Alias Studio Sydney is creating “Greenpeace in Space” and its attracting some of the best minds in Aerospace.
Orbital Debris Problem to Triple by 2030“If we care about Global Warming, we should care about this issue. It’s about our future. Greenpeace’s ball of string ends here on earth. This is limited thinking… this problem will affect everyone in time… from the businesses like Space X, Blue Origin, Virgin Galactic and many others who aim at space, to the insurance companies who underwrite them, to someone using GPS on their phone.”
Everything that human beings launch high enough into space will ultimately be at risk. As long as an object is above the last traces of Earth’s atmosphere, it will stay in orbit for thousands or even millions of years.
Eventually, whether a month or a millennium after launch, it will hit one of the millions of other objects orbiting Earth. That collision will generate new fragments, which will go whirling around the planet until they, too, are involved in collisions. Over time everything in Earth’s orbit risks being ground into celestial scrap.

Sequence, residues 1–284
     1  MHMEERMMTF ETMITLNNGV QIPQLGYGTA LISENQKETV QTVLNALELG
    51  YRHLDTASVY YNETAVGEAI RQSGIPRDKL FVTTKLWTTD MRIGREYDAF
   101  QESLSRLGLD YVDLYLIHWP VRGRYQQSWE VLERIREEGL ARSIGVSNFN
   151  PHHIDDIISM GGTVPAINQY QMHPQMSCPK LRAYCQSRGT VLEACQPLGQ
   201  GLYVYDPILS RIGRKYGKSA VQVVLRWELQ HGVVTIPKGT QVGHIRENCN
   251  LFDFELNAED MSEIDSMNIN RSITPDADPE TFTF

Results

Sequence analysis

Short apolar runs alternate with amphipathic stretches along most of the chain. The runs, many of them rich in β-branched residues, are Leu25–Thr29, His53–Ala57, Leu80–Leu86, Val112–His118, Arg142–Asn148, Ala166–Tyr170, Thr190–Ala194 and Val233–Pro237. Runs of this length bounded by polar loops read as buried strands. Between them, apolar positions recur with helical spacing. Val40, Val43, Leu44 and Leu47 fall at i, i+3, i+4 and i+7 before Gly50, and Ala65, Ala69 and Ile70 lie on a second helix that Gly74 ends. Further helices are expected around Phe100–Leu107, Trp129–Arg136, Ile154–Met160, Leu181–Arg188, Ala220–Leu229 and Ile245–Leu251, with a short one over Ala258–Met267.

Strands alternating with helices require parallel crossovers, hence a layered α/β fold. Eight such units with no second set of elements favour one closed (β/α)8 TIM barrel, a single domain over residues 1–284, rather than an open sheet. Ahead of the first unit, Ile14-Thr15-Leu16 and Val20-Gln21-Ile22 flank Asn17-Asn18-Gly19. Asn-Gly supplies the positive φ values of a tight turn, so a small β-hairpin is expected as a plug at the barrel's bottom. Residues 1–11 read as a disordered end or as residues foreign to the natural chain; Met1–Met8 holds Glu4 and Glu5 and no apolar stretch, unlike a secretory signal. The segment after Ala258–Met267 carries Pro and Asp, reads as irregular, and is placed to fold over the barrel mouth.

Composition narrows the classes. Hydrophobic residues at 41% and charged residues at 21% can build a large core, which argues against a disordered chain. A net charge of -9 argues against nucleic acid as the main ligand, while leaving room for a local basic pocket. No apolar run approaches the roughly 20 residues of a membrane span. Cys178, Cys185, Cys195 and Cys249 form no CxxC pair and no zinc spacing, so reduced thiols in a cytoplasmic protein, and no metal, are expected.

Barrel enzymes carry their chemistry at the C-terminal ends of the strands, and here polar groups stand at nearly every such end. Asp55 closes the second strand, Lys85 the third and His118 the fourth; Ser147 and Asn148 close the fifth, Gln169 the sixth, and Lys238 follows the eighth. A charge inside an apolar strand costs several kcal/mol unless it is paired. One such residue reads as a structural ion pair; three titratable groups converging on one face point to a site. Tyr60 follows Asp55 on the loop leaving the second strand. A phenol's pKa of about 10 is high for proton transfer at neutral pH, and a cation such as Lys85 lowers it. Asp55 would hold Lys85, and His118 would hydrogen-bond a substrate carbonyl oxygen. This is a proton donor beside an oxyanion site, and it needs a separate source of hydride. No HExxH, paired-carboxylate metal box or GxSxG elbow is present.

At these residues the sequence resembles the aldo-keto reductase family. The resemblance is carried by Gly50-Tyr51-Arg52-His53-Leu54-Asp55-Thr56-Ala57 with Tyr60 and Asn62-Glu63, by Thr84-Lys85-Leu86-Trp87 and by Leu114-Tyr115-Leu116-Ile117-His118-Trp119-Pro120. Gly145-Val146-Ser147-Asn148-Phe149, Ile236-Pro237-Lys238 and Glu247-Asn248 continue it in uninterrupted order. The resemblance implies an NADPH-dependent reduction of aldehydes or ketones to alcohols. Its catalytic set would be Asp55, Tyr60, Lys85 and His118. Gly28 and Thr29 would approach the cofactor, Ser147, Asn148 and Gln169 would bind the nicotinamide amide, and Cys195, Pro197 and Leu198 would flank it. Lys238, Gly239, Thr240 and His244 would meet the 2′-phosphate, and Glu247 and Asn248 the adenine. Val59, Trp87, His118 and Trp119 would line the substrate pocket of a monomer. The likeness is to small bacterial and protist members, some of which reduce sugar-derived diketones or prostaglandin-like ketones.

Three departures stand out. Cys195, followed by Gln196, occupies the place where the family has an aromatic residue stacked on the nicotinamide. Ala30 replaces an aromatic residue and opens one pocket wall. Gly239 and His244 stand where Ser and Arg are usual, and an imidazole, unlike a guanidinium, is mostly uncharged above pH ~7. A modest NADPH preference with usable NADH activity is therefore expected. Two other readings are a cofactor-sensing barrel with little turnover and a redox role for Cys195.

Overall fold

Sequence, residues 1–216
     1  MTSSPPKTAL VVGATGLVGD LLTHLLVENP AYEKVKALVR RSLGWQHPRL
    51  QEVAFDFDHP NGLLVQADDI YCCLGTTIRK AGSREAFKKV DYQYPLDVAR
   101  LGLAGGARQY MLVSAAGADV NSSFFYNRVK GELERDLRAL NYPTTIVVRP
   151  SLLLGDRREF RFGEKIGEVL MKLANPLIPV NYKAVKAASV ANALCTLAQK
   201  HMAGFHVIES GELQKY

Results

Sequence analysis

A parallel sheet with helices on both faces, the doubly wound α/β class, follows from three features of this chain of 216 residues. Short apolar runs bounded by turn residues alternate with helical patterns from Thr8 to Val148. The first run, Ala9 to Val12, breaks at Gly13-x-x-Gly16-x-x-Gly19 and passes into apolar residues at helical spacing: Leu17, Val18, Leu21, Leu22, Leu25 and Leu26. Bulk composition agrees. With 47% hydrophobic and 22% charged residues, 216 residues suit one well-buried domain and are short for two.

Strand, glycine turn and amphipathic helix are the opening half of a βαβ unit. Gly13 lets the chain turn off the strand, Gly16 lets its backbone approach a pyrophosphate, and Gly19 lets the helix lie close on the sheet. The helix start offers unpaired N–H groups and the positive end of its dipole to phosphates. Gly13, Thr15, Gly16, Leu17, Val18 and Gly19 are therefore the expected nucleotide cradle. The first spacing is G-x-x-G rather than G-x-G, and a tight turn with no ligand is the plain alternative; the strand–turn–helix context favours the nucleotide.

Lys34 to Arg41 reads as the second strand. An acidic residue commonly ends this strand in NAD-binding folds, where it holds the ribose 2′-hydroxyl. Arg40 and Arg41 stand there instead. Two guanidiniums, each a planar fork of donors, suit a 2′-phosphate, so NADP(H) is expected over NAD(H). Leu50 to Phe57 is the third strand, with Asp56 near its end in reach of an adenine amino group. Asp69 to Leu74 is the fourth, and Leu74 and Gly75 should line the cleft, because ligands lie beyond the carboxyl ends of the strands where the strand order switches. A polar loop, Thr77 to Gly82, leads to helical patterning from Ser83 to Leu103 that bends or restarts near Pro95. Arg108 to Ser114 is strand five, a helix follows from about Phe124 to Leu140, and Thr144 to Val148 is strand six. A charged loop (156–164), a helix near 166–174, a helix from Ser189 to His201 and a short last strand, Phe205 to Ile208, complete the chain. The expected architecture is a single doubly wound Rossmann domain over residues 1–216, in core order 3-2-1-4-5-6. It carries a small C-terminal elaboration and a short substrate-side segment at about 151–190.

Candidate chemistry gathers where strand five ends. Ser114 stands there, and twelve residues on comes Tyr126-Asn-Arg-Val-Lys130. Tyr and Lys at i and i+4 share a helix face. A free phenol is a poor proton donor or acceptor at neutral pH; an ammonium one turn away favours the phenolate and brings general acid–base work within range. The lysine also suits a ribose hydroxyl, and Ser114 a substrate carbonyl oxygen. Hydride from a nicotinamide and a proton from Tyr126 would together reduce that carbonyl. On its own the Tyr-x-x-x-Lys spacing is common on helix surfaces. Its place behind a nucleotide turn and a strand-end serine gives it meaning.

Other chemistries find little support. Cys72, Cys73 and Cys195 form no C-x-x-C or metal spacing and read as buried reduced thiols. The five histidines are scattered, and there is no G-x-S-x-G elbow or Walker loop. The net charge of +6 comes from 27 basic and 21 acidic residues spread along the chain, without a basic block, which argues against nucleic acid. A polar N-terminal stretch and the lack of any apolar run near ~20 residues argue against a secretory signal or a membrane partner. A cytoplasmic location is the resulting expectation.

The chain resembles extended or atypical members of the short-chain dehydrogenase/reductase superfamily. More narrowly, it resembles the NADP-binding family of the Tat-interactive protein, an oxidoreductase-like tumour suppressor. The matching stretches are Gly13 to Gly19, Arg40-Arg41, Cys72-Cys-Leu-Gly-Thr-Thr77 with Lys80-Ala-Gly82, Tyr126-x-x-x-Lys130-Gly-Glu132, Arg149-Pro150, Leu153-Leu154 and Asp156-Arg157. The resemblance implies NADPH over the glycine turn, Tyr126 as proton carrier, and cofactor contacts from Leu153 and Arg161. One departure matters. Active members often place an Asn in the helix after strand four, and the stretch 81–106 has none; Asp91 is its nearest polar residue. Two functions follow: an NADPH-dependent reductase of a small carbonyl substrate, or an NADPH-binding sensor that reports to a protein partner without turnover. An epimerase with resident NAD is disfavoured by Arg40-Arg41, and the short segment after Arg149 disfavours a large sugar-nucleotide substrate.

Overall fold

The debris hazard is unique in being a product of our environmental negligence. After just forty years in space we have seriously polluted the final frontier.
According to Molly Macauley, a debris expert and a senior fellow at the nonprofit environmental organization Resources for the Future, “It’s going to take a major catastrophic debris event, probably involving loss of life, before this issue gets widespread attention.”
In 1987 the World Commission on Environment and Development defined sustainable development as meeting the needs of the present generation without compromising the ability of future generations to meet their needs.
In space we are failing the sustainability test miserably.